The hypothesis is that the two Moderna vaccines have the potential to prime a specific type of B-Cell to produce effective neutralising antibodies, and the other vaccine will stimulate them to do so. The study sponsored by IAVI and others is expected to run until May 2023, with the first phase lasting around 10 months.

HIV burden

HIV has claimed 36.3 million lives so far, according to the World Health Organization (WHO). There were an estimated 37.7 million living with HIV at the end of 2020.

There is still no cure. However, with increasing access to effective prevention, diagnosis and care, including for opportunistic infections, HIV infection has become a manageable chronic health condition in recent years.

According to the National AIDS Control Organization’s India HIV Estimation 2019 report, there were an estimated 23.48 lakh people living with HIV in 2019. Overall, the estimated adult (15-49) HIV prevalence trend has been declining in India since the peak in 2000, and has been stabilising in recent years.

The elusive vaccine

HIV tends to change its envelope so rapidly that it is difficult to provide any antibody cover. Additionally, the envelope proteins are covered by a sugar coating that affects generation of an immune response. said Dr R R Gangakhedkar, former director of National AIDS Research Institute, and former Head, Division of the Epidemiology and Communicable Diseases division of Indian Council of Medical Research (ICMR).

“An anti-HIV vaccine has been a challenge given the fact that it is a fast replicating virus and tends to mutate rapidly… Escape mutants are generated rapidly due to the high replication rate of HIV,” said Gangakhedkar, who is also a C G Pandit national chair, ICMR.

Even when antibodies are made, by the time they are produced, the virus rapidly evolves and the antibodies do not neutralise the virus. This rapid mutation allows the virus to escape the antibody response, said leading vaccine scientist Dr Gagandeep Kang. For example, the virus sequences of an untreated individual with HIV tested three months apart would show differences between the later and earlier viruses, she said.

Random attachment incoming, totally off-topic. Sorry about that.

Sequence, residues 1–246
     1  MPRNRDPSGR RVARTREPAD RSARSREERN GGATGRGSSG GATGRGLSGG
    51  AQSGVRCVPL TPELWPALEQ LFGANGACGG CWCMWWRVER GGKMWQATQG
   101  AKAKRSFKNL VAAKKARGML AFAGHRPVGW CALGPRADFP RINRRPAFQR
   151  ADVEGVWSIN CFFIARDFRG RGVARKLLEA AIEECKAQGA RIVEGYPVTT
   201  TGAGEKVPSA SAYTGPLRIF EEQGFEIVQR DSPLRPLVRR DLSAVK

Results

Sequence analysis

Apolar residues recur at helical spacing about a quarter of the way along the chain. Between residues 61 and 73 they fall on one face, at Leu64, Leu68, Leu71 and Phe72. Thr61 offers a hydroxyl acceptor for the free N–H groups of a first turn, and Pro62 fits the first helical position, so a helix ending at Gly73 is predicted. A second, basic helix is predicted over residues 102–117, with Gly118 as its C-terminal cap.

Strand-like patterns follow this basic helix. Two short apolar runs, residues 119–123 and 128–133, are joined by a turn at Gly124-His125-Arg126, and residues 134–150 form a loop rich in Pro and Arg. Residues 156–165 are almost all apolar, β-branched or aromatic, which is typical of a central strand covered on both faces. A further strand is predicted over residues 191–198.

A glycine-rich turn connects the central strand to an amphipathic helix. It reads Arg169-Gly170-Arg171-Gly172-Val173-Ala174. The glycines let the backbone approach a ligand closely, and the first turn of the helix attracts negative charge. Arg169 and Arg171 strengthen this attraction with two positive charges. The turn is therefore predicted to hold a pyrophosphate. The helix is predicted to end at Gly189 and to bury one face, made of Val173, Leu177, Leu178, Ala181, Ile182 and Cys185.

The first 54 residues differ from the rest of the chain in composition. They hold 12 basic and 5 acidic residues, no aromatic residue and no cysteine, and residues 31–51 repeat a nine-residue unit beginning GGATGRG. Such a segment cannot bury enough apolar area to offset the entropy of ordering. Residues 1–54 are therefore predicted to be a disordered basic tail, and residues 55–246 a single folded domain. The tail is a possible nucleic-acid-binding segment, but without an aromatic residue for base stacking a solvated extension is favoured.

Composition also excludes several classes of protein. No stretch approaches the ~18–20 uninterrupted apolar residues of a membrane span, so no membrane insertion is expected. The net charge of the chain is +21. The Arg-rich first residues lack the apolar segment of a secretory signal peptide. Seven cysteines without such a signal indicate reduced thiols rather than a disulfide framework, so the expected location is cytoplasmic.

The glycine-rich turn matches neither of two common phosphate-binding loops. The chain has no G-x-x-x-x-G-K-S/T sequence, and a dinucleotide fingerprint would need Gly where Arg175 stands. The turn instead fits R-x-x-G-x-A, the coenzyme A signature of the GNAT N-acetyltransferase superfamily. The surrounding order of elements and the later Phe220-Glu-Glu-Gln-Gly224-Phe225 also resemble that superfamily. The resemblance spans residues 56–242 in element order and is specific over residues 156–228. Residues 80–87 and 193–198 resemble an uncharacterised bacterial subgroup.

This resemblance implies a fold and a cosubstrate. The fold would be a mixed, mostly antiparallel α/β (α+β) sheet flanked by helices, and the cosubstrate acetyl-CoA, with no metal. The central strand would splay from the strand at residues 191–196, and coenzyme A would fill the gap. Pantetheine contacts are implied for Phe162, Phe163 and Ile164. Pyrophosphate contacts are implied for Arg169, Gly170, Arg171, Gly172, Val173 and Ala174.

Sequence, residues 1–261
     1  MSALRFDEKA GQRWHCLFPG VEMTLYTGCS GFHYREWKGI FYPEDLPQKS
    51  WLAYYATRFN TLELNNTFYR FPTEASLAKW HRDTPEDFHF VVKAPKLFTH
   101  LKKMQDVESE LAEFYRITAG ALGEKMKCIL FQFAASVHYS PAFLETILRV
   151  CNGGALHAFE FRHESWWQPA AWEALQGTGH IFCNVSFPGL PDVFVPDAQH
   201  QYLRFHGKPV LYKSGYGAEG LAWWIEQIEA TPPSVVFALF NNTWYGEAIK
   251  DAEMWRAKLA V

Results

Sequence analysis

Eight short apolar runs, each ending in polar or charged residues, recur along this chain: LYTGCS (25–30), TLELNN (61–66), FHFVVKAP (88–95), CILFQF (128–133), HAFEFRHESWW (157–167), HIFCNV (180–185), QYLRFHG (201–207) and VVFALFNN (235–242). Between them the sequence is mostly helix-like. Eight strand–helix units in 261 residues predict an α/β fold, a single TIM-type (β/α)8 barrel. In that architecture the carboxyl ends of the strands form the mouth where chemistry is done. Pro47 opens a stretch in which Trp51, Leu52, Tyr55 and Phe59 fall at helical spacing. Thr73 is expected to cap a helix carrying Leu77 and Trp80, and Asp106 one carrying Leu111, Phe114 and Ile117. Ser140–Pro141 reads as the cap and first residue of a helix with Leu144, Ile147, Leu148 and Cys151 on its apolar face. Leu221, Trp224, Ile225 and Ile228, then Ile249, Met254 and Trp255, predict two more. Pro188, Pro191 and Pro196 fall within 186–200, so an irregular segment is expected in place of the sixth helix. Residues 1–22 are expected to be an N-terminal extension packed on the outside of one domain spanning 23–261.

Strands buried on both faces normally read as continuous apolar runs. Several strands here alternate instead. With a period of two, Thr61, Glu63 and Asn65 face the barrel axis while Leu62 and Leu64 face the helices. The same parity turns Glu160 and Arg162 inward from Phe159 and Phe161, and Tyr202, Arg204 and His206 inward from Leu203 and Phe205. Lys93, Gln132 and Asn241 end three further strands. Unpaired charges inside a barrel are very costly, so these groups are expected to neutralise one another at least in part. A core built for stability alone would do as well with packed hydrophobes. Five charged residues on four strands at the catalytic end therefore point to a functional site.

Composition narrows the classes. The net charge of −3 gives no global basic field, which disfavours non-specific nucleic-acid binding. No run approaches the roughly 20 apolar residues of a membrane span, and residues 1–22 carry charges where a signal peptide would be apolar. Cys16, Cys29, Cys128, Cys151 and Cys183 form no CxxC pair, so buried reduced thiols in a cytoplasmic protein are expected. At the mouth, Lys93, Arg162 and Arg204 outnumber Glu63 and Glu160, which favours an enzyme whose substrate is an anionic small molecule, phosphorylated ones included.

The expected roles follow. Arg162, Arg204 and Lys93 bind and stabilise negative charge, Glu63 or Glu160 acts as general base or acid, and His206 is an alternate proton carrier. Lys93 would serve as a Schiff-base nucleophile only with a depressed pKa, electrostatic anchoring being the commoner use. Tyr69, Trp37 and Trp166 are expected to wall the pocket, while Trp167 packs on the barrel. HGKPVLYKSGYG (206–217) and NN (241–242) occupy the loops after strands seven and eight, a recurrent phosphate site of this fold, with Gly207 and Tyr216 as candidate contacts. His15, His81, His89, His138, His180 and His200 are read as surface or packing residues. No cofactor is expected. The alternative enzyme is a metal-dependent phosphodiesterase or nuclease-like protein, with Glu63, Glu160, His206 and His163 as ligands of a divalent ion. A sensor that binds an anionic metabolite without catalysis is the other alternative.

Previous attempts

Dr Kang said previously inactivated forms of the virus and adenovirus vector-based vaccines have been tried, but have not worked. A handful of HIV clinical trials were very carefully set up and conducted, but were halted either for futility when vaccines did not work, or in the case of adenovirus vectored vaccine where there was a signal that participants were more susceptible to HIV, instead of being protected, she said.

“The most important challenges in HIV vaccine development has been the inability to identify the exact correlates of immune response that need to be stimulated to protect against HIV and the enormous diversity potential of the virus. Inducing broadly neutralising antibodies against HIV envelope protein and CD8 T cell responses has been the major focus,” said Dr Sanjay Pujari, infectious diseases consultant and expert member of the national Covid 19 task force.

mRNA: way forward

The Moderna trial is different as it allows one to use technology to design and develop a vaccine really fast, Dr Kang said. It is similar to the Covid-19 vaccine development work so that the body’s cells can produce the virus’s spike envelope to trigger an immune response.

In the HIV context, the mRNA platform has shown promising results in vitro and monkey studies, and it would be useful to test it in human clinical trials, Dr Pujari said. The hope is that this platform has the ability to tweak the RNA to address emerging variants and their potential to escape immune response. “Until now the major challenge for the development of mRNA vaccines was lack of efficient delivery technologies. This has been overcome successfully with Covid-19 mRNA vaccines,” Dr Pujari said.

Preventive & therapeutic

Experts say two approaches can be considered for an HIV vaccine — a preventive and therapeutic one.

A preventive approach would have to check how many vaccinated people develop HIV post-vaccination, or whether the vaccinated ones can resist infection. A therapeutic approach would result in an immune response that would attack the infected cells and prevent further replication, Dr Kang said.

Therapeutic vaccines have been tried without success to achieve a functional cure. It would be interesting to study the performance of the mRNA platform in this context, Dr Pujari said.